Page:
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HomeNewsLocal newsFederal Authorities Question Refinery Operators About Recent Fires on St. Croix

Federal Authorities Question Refinery Operators About Recent Fires on St. Croix

Port Hamilton Transportation and Refinery at Estate Hope, St. Croix (Source file photo)

The Environmental Protection Agency is asking the owners of the former Limetree Bay Oil Refinery to answer questions contained in a formal Request for Information sent on Aug. 18. A notice sent by the head of the EPA Response and Prevention Branch includes a warning that full disclosure of the matter in question is required by federal law.

A spokesman for EPA Region 2 says the agency wants details about a pile of smoldering petroleum coke on the grounds of the refinery at Estate Hope on St. Croix. Response and Prevention Branch Chief Douglas Kodama said the agency wants to know how emissions from the smoldering coke affect air quality in and around the plant.

Environmental regulators say they are particularly concerned about a possible release of sulfur dioxide, a noxious gas.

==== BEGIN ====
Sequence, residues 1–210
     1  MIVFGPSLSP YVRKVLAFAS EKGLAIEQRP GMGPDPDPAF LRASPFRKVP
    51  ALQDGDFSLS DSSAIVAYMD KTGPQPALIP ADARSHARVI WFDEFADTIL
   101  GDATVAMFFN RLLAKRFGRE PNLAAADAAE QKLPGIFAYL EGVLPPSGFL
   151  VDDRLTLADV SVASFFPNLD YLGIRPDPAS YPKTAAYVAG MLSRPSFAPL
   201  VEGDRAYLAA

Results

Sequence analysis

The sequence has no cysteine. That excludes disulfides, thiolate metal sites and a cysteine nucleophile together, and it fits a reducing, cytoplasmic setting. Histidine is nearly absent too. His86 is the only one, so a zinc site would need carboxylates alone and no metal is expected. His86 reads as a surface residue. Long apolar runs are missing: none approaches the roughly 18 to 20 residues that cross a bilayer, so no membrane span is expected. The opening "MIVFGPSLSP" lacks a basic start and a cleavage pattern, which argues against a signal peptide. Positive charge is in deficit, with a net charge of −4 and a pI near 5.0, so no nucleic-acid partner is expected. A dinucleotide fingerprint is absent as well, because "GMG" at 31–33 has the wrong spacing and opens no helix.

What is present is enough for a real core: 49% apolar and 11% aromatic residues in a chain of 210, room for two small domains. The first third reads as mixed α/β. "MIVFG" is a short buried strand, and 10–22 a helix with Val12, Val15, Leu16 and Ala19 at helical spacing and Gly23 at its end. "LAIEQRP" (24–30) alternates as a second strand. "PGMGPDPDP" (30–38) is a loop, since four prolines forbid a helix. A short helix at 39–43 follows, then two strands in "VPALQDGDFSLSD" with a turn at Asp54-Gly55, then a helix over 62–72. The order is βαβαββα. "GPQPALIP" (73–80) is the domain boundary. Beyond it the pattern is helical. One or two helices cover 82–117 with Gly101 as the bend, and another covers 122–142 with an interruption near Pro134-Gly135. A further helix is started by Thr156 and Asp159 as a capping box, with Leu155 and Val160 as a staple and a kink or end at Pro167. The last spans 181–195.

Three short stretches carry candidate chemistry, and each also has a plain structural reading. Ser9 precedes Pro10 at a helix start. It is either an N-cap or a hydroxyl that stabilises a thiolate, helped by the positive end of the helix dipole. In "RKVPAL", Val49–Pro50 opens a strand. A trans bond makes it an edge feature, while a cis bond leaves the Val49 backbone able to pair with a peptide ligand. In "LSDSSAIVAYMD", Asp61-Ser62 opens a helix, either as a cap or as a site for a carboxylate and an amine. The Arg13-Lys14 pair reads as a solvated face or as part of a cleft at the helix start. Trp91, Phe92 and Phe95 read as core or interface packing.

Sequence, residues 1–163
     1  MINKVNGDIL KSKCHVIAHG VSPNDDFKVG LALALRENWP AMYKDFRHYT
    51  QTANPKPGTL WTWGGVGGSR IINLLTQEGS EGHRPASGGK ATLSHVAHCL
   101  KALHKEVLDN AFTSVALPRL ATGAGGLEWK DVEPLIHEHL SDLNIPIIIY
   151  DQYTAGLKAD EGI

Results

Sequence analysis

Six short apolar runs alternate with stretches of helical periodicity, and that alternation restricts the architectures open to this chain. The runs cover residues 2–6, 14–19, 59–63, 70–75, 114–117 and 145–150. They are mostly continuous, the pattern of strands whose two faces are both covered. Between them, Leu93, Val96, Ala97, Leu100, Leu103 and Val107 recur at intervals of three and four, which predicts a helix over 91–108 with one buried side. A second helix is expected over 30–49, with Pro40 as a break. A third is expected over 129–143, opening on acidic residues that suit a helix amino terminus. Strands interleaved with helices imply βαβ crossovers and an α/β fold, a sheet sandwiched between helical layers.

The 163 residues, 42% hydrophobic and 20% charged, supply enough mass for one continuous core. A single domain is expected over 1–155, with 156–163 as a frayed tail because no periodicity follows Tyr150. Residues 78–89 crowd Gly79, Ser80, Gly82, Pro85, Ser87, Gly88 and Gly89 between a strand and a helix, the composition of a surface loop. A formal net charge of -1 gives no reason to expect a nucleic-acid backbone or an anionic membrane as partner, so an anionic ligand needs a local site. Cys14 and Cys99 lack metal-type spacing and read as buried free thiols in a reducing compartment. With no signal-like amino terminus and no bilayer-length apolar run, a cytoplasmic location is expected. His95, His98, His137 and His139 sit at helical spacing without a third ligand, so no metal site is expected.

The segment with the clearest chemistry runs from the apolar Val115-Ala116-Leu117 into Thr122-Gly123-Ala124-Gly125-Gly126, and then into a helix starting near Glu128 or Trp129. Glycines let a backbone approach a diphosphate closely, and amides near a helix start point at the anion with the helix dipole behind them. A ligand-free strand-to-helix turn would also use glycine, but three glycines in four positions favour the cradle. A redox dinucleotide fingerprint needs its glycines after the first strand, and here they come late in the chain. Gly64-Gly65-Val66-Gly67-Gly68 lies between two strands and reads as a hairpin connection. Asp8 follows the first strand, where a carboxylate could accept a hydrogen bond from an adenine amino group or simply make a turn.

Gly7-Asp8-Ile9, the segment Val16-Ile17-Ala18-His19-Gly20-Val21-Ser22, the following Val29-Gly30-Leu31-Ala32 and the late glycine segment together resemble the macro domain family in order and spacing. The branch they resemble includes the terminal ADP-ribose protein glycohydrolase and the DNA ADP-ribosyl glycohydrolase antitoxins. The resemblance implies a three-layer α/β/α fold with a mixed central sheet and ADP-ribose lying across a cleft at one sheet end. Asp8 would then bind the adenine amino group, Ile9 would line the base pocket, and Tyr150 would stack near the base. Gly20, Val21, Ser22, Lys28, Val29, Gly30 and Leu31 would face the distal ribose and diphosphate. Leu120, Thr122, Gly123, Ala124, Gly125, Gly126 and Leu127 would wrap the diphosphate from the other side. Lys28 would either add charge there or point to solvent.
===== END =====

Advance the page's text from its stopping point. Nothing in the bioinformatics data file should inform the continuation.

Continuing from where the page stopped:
“This letter seeks your cooperation in providing information and documents relating to an incident which occurred, and may still be occurring, at or from the One Estate Hope refinery facility located on St. Croix,” Kodama said. The notice was sent to a Florida-based law firm and a Washington, D.C. firm representing Port Hamilton Transportation and Refining, the new name for the former Limetree Bay Oil Refinery.

Kodama invoked the Comprehensive Environmental Response, Compensation and Liability Act (CERCLA), which gives EPA “broad information-gathering authority” when making such inquiries. And he told refinery executives and their lawyers that while they may deem some of the information being sought as confidential, federal law compels disclosure.

Region 2 spokesman John Senn justified the agency’s Request for Information notice in a recently released statement.

“EPA is concerned about the smoldering pile and the recent conveyor belt fire, and we are in active discussion with the U.S. Virgin Islands Department of Natural and Environmental Resources and the facility itself to gather more information and determine appropriate next steps, including what direct assistance from EPA may be needed,” Senn said.

Refinery owners were given 14 days to respond in writing by electronic mail.

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